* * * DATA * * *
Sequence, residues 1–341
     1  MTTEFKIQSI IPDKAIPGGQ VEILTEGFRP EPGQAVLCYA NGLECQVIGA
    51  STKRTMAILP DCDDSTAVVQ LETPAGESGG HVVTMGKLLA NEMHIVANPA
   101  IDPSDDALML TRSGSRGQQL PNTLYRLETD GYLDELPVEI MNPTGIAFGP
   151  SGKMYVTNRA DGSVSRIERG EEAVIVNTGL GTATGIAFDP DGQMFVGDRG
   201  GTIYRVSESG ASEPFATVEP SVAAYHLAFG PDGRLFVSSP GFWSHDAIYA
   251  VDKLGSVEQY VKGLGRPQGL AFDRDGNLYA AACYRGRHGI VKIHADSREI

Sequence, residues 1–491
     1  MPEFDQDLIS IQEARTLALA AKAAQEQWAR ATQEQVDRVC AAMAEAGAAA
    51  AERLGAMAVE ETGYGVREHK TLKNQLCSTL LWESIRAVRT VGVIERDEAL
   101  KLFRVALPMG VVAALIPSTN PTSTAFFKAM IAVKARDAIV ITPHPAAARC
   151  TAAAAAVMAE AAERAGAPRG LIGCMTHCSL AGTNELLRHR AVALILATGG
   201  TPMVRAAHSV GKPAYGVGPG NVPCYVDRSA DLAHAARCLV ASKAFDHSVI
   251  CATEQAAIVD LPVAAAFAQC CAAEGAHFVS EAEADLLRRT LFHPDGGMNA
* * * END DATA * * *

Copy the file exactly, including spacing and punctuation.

Sequence, residues 1–341
     1  MTTEFKIQSI IPDKAIPGGQ VEILTEGFRP EPGQAVLCYA NGLECQVIGA
    51  STKRTMAILP DCDDSTAVVQ LETPAGESGG HVVTMGKLLA NEMHIVANPA
   101  IDPSDDALML TRSGSRGQQL PNTLYRLETD GYLDELPVEI MNPTGIAFGP
   151  SGKMYVTNRA DGSVSRIERG EEAVIVNTGL GTATGIAFDP DGQMFVGDRG
   201  GTIYRVSESG ASEPFATVEP SVAAYHLAFG PDGRLFVSSP GFWSHDAIYA
   251  VDKLGSVEQY VKGLGRPQGL AFDRDGNLYA AACYRGRHGI VKIHADSREI

Sequence, residues 1–491
     1  MPEFDQDLIS IQEARTLALA AKAAQEQWAR ATQEQVDRVC AAMAEAGAAA
    51  AERLGAMAVE ETGYGVREHK TLKNQLCSTL LWESIRAVRT VGVIERDEAL
   101  KLFRVALPMG VVAALIPSTN PTSTAFFKAM IAVKARDAIV ITPHPAAARC
   151  TAAAAAVMAE AAERAGAPRG LIGCMTHCSL AGTNELLRHR AVALILATGG
   201  TPMVRAAHSV GKPAYGVGPG NVPCYVDRSA DLAHAARCLV ASKAFDHSVI
   251  CATEQAAIVD LPVAAAFAQC CAAEGAHFVS EAEADLLRRT LFHPDGGMNA